This symposium was one of a series of events held to commemorate the centennial anniversary of the foundation of Kokugakuin University. It was sponsored by the Institute for Japanese Culture and Classics, and one of its basic aims was to foster relations with research institutes overseas.
The symposium was specifically designed with the following objectives in mind:
To promote personal and organizational exchange among Asian countries;
To consider the concept of Kokugaku or National Studies, and to debate its applicability in other Asian countries;
To compare and contrast processes of cultural transformation in Asia, especially in the area of religion.
The theme of the symposium was based on the results of various individual projects conducted by members of the Institute staff, as well as the comprehensive, collaborative results of their research.
The executive committee was organized in the autumn of 1981. It was composed of 18 members from several universities:
ABE Yoshiya; ASOYA Masahiko; FUJITA Tomio; HIRAI Naofusa; INOUE Nobutaka: MIYAZAKI Michio; NAGAFUJI Takeshi; ODAGIRI Hiroko; David REID; SAKAMOTO Koremaru; SAKO Kazumitsu; SONODA Minoru; Jan SWYNGEDOUW; TAKEUCHI Issei; TODA Yoshio; UCHINO Goro; UEDA Kenji; and YANAGAWA Keiichi.
Two "pre-symposiums" were held during this period of preparation: one on " The Modernization of Japan and Kokugaku" in June of 1982, and one on "The problem of Secularization in Asia" in November of the same year.
It was through the course of these two years of preparation that the outline for the symposium was determined, entitled "Cultural Identity and Modernization in Asian Countries."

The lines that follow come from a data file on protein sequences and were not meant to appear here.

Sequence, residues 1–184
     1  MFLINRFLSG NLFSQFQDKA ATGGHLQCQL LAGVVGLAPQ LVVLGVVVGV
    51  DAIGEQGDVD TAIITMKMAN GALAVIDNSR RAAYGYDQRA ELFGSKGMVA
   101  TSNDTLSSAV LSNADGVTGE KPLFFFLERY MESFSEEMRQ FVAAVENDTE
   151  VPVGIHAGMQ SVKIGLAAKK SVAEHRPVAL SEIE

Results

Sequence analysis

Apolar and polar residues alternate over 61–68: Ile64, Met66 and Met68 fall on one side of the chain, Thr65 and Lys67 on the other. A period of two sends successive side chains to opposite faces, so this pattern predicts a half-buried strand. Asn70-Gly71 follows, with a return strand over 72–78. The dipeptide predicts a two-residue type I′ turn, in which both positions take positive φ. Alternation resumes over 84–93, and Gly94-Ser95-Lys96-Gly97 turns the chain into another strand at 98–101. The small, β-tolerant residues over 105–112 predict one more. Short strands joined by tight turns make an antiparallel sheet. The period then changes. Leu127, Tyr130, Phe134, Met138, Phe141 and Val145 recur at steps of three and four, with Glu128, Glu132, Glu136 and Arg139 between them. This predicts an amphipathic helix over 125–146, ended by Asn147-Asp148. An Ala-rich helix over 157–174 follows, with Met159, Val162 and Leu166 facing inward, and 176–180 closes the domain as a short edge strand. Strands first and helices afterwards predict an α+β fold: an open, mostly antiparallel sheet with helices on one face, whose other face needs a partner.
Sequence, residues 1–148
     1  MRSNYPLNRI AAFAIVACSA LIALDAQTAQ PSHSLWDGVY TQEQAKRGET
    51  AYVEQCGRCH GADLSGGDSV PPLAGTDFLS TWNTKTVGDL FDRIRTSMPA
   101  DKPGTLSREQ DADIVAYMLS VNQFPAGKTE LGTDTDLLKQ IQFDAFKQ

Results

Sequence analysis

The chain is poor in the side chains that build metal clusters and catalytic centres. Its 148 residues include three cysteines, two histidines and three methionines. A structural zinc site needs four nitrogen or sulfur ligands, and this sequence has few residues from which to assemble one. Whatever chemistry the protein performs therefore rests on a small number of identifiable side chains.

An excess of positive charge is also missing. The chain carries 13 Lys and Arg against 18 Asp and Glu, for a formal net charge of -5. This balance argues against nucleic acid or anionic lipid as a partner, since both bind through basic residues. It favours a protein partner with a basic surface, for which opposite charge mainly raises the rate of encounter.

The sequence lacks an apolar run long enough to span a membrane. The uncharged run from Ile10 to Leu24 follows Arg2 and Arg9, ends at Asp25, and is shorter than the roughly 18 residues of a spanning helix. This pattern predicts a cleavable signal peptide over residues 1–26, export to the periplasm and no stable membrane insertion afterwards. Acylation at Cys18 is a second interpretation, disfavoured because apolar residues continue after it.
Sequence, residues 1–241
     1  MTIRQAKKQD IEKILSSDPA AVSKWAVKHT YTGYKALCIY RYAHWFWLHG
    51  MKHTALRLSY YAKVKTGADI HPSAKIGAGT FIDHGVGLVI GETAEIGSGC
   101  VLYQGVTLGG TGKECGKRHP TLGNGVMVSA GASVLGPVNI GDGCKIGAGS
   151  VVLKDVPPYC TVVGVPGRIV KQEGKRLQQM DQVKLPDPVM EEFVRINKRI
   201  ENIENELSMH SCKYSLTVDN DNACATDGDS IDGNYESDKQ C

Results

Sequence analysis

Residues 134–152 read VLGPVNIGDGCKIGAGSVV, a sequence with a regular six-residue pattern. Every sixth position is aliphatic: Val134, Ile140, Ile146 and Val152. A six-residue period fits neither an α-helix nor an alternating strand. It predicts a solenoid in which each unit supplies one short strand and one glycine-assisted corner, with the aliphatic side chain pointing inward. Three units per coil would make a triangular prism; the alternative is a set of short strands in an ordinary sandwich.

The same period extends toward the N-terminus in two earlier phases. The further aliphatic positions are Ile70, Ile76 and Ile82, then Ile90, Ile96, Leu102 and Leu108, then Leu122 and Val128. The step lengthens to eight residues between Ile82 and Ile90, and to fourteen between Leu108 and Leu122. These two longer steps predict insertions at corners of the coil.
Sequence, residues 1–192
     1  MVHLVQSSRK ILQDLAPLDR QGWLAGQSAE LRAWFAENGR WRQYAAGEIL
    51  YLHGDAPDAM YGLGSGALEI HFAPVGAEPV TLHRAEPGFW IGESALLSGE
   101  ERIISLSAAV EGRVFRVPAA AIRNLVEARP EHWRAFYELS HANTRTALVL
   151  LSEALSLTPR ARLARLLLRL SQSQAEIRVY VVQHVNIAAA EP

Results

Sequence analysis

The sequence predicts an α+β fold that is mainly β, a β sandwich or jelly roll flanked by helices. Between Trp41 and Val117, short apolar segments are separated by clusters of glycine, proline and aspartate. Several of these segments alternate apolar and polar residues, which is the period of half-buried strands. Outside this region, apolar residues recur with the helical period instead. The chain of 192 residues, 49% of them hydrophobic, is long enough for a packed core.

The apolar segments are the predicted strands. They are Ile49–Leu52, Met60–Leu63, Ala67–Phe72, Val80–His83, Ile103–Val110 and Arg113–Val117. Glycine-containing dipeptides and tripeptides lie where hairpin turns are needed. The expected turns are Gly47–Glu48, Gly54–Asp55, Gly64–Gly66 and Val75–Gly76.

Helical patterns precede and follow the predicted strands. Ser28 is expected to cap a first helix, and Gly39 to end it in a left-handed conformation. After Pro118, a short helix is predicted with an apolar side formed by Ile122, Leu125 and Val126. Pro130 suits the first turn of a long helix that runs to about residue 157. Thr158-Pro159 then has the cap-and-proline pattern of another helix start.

The symposium was held from January 9 to 13, 1983. Open lectures were held at Meiji Jingu Hall on January 9. Professor Ballah and Professor Berger were invited as keynote speakers. The audience of over a thousand gave their undivided attention to the opening speeches which laid the groundwork for the sessions to follow.
The following sessions were held from January 11 to 13 at the International House:
Session A, "Religion and Secularization" (January 11)
Speakers: IKADO Fujio; SONODA Minoru; Arifin BEY; René MENZODA.
Commentators: Peter BERGER; YANAGAWA Keiichi.
Chairperson: ABE Yoshiya; Co-chairperson: INOUE Nobutaka.
Session B, "Traditionalism and Modernization" (January 12)
Speakers: HIRAI Naofusa; ITO Abito, KUO Edi.
Commentators: Robert BELLAH; NAKANE Chie; CHAN Jukon.
Chairperson: Jan SWYNGEDOUW; Co-chairperson: ASOYA Masahiko.
Session C, "The Humanities and National Identity" (January 13)
Speakers: UCHINO Goro; RYU Tongshik; T. MADAN; Ratanakul PINIT.
Commentators: SUZUKI Mitsuo; UEDA Kenji.
Chairperson: FUJITA Tomio; Co-chairperson: David REID.
The schedule and format was the same each day. In the morning, from 10:00 to 12:00, the speakers gave supplementary explanations on the papers which had been submitted and distributed to the participants; this was followed by remarks from the commentators. In the afternoon, from 2:00 to 5:00, the speakers first responded to questions raised by the commentators, and then the discussion was opened to all participants over a scholars from such diverse fields as religion, sociology, anthropology, history, and folklore attended the sessions. At times their interests were so diverse that the process of discussion was difficult. But it was due to the high degree of interest in the general theme of the symposium that so many of the participants felt motivated to express their opinions, and it is only to be regretted that there was not more time for freer discussion.
The keynote lectures by Professor Bellah and Professor Berger are presented here, together with the papers submitted for presentation at the three sessions and a synopsis of the discussions that took place on those discussions have made every effort to outline the basic remarks made by the commentators and the course of the discussion which followed.
It is hoped that this symposium will serve to further comparative research in the cultural identity and tradition of Asian countries, particularly the recent developments in aspects of thought.